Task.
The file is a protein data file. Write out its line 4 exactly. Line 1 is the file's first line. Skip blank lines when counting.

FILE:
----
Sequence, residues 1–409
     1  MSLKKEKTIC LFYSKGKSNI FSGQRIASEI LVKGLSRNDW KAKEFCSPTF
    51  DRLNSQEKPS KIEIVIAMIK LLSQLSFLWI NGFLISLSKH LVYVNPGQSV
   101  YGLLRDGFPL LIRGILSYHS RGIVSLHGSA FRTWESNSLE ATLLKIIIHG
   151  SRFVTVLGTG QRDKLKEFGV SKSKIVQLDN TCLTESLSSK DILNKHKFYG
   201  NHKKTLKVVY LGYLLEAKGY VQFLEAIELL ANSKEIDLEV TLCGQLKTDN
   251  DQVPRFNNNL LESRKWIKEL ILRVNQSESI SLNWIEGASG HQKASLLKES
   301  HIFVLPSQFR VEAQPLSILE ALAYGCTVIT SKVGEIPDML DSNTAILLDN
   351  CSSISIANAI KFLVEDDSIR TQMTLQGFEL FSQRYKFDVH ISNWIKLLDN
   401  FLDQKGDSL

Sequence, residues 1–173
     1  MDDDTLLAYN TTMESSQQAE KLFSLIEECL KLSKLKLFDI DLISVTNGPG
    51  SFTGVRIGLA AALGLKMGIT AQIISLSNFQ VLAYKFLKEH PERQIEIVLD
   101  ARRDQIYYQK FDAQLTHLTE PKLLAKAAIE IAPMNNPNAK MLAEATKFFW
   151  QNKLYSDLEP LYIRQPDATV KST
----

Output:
   101  YGLLRDGFPL LIRGILSYHS RGIVSLHGSA FRTWESNSLE ATLLKIIIHG